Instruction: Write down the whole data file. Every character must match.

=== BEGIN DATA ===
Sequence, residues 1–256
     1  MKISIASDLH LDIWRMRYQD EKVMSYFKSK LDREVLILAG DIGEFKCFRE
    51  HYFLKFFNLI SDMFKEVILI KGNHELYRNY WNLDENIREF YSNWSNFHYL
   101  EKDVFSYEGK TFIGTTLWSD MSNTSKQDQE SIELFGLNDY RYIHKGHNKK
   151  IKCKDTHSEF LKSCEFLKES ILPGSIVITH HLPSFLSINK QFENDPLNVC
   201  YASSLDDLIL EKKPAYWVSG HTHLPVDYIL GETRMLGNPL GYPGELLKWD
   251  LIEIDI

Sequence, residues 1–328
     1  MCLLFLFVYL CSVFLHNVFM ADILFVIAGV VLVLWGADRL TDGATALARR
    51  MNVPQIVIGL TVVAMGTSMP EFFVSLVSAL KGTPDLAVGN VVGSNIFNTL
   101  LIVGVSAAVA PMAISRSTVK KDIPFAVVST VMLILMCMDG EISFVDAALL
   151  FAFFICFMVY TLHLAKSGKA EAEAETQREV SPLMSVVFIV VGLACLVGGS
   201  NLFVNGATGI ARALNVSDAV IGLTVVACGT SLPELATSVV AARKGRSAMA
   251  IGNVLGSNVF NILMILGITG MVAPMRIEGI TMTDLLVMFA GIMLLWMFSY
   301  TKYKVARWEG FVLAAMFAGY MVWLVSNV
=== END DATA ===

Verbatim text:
Sequence, residues 1–256
     1  MKISIASDLH LDIWRMRYQD EKVMSYFKSK LDREVLILAG DIGEFKCFRE
    51  HYFLKFFNLI SDMFKEVILI KGNHELYRNY WNLDENIREF YSNWSNFHYL
   101  EKDVFSYEGK TFIGTTLWSD MSNTSKQDQE SIELFGLNDY RYIHKGHNKK
   151  IKCKDTHSEF LKSCEFLKES ILPGSIVITH HLPSFLSINK QFENDPLNVC
   201  YASSLDDLIL EKKPAYWVSG HTHLPVDYIL GETRMLGNPL GYPGELLKWD
   251  LIEIDI

Sequence, residues 1–328
     1  MCLLFLFVYL CSVFLHNVFM ADILFVIAGV VLVLWGADRL TDGATALARR
    51  MNVPQIVIGL TVVAMGTSMP EFFVSLVSAL KGTPDLAVGN VVGSNIFNTL
   101  LIVGVSAAVA PMAISRSTVK KDIPFAVVST VMLILMCMDG EISFVDAALL
   151  FAFFICFMVY TLHLAKSGKA EAEAETQREV SPLMSVVFIV VGLACLVGGS
   201  NLFVNGATGI ARALNVSDAV IGLTVVACGT SLPELATSVV AARKGRSAMA
   251  IGNVLGSNVF NILMILGITG MVAPMRIEGI TMTDLLVMFA GIMLLWMFSY
   301  TKYKVARWEG FVLAAMFAGY MVWLVSNV